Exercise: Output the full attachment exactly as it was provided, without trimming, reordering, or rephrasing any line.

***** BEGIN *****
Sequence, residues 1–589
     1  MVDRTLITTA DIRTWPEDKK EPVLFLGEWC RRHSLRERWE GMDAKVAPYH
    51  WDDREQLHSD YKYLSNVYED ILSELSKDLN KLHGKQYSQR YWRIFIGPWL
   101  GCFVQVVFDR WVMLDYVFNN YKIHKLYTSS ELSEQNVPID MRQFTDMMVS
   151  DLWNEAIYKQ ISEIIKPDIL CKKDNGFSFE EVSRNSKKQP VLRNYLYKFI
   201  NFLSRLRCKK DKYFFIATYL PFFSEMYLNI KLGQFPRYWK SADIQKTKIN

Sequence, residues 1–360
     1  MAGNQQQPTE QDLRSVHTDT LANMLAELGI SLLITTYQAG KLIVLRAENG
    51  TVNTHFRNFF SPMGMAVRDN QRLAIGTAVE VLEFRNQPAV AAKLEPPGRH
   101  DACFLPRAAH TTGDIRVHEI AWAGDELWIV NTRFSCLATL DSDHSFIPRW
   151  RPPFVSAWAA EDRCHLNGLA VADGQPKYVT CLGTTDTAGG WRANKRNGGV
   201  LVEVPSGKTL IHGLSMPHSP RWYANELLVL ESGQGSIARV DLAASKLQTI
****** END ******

Sequence, residues 1–589
     1  MVDRTLITTA DIRTWPEDKK EPVLFLGEWC RRHSLRERWE GMDAKVAPYH
    51  WDDREQLHSD YKYLSNVYED ILSELSKDLN KLHGKQYSQR YWRIFIGPWL
   101  GCFVQVVFDR WVMLDYVFNN YKIHKLYTSS ELSEQNVPID MRQFTDMMVS
   151  DLWNEAIYKQ ISEIIKPDIL CKKDNGFSFE EVSRNSKKQP VLRNYLYKFI
   201  NFLSRLRCKK DKYFFIATYL PFFSEMYLNI KLGQFPRYWK SADIQKTKIN

Sequence, residues 1–360
     1  MAGNQQQPTE QDLRSVHTDT LANMLAELGI SLLITTYQAG KLIVLRAENG
    51  TVNTHFRNFF SPMGMAVRDN QRLAIGTAVE VLEFRNQPAV AAKLEPPGRH
   101  DACFLPRAAH TTGDIRVHEI AWAGDELWIV NTRFSCLATL DSDHSFIPRW
   151  RPPFVSAWAA EDRCHLNGLA VADGQPKYVT CLGTTDTAGG WRANKRNGGV
   201  LVEVPSGKTL IHGLSMPHSP RWYANELLVL ESGQGSIARV DLAASKLQTI